Earlier posts from the SG1 Series:
What, Why, Who, How â€“ Questioning Formula?
Many writers learn to emulate or procreate success by following or developing a specific formula. We begin the journey of a writer in the footsteps of our favorites, the classics and contemporaries who walked these hallowed halls before us, but in time we learn to strike out on our own. We develop our own voice, our own techniques and our own formulas.
Television Series are almost entirely dependent on formula. Formula allows multiple writers to follow steps to create a consistent product. Category Romance are often formulaic as well. Indeed many aspects of business (writing or otherwise) coexist around formula, from business models to time management and of course content.
Formula is about reusing what has proven to work. While there is little point in repeating actions that were unsuccessful, we know that success can often be recreated by following similar steps. The Stargate Series continued to produce successful seasons, year after year, thanks to their carefully structured formula. Category Romances are enjoyed by thousands of women around the world because we all know they have happy endings, itâ€™s part of the formula. Success, developed into a success formula can recreate success.
For first time novelists this might seem like information you canâ€™t use. After all, we need to have those first successes to create a success formula, right? Nope, not at all. Thatâ€™s where emulation plays a significant role in the early success of writers. It is one of the reasons a love of reading is almost a prerequisite for writers. The more you read the more you will absorb the method and technique, the formulas, of other writers.
Worship at the Author Altar by Reading
Books should obviously be our first love. After all, as novelists we are determined to spend hour upon hour in company with them every single day. When we arenâ€™t writing our own we are, hopefully, kicking back with one of the many books that gather in teetering piles on any available flat surface (or stacked neatly on a bookshelf if youâ€™re the rare mythological being, a neat writer).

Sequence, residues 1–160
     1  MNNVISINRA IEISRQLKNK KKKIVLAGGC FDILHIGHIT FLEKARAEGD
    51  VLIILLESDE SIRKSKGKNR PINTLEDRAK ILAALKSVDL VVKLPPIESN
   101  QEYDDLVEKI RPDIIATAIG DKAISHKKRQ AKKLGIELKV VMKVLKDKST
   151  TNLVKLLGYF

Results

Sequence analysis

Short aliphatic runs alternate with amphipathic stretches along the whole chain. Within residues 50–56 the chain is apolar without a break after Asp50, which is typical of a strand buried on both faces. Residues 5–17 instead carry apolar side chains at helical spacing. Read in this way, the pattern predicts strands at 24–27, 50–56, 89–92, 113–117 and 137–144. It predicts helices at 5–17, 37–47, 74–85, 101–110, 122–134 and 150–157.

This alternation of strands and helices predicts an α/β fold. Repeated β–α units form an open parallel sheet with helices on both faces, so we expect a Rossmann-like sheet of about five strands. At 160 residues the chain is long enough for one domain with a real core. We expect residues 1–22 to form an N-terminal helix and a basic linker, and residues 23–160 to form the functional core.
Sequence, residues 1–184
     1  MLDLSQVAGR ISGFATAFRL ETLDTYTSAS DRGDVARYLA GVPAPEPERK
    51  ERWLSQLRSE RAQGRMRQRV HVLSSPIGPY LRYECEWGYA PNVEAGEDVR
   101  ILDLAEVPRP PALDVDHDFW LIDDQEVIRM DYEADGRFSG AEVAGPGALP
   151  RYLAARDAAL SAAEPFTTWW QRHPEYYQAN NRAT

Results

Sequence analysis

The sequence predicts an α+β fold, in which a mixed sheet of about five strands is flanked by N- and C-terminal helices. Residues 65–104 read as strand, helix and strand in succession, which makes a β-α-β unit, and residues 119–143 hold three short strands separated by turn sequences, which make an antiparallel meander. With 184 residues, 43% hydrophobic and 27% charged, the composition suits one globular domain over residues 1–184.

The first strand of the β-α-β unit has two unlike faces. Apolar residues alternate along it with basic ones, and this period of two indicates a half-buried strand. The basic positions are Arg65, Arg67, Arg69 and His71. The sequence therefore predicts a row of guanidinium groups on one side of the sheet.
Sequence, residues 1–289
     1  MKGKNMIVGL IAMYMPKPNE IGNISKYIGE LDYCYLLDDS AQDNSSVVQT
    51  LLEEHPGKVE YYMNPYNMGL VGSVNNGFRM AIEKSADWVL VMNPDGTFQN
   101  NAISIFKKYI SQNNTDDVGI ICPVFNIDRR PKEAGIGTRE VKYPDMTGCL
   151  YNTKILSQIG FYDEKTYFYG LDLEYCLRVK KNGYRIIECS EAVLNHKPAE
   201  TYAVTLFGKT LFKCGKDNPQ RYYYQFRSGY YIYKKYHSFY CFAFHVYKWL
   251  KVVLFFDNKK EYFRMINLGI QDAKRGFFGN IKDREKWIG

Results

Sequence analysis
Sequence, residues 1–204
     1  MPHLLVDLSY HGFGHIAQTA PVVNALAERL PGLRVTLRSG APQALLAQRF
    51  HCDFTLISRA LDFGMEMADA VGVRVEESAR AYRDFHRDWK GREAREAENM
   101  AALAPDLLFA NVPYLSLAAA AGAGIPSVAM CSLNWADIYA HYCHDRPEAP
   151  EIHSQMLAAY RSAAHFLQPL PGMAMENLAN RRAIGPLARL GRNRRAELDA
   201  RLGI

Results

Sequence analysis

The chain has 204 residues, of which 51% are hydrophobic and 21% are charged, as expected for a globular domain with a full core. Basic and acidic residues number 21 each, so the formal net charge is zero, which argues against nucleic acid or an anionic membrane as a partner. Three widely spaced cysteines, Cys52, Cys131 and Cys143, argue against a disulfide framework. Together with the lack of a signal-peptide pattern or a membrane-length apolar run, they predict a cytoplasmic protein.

The books we read offer lessons to all writers. With time and experience writers develop an eye that tends to transform the reading process. The luckiest of us donâ€™t find this dilutes the joy of reading but sometimes it can feel like we are still working in our off hours.
Read as much as you possibly can. Donâ€™t be afraid to deviate from your favorite authors, genres, or first publication dates. Read classics, thrillers, fillers, any book that stumbles into your hands both fiction and non-fiction. Become your libraries most loyal visitor and steal moments to read whenever you can. This firm foundation of language and technique is the cement pad on which youâ€™ll build a house of writing.
Pester, Prod, Ask Questions, and Be Interested
We have a surprising number of opportunities throughout life to learn. Writersâ€™ conferences, talk shows, podcasts, blogs, writersâ€™ groups, book readings, etc. all provide a marvelous chance to pick apart the brains of other writers. Donâ€™t be afraid to ask questions. If you show a true interest and a willingness to learn most writers will be available for you (to a point). You can learn a great deal about writing and success from published authors, interviews, and the media. Absorb and question, analyze and compare. Become an avid busy-body and learn to ask the right questions to get the answers you can use.
Recreate a Success Formula â€“ Write!
With what you learn from reading and questioning, from watching television and movies and listening to the world you will have found consistencies you can use to begin to develop your own success formula. Publisher guidelines and writing magazines are another place to dig. By pulling these threads of knowledge together you can structure the walls of your success.
Recreate and emulate the successful techniques youâ€™ve discovered but be prepared to grow and adjust. A formula never works perfectly if it is identical every time. You must change as needed. This takes practice and the only way you will succeed is to learn to fail. Writers never get it right every time. We get better with failure, we learn, we develop, we grow into success.
The Bookâ€™s Formula
Just as youâ€™ve created a formula for success many books can follow a formula that also aids their success. It is done in much the same way. By learning what works and working what youâ€™ve learnt. Remember to adjust when needed and to practice. A Book Formula is most common for book series and some very specific genres. Many of the most prolific writers have learnt to use formula to produce multiple books that stand alone on their own merit but follow consistent patterns that fans enjoy and come to expect.
Donâ€™t be afraid to emulate formula while you begin as a writer but donâ€™t forget how vital it is to discover your own voice, and walk the path in your own shoes. Yes, you can learn to be successful by following in the footsteps of successful people but the most successful learn to strike out on their own, they take paths less traveled and that makes all the difference.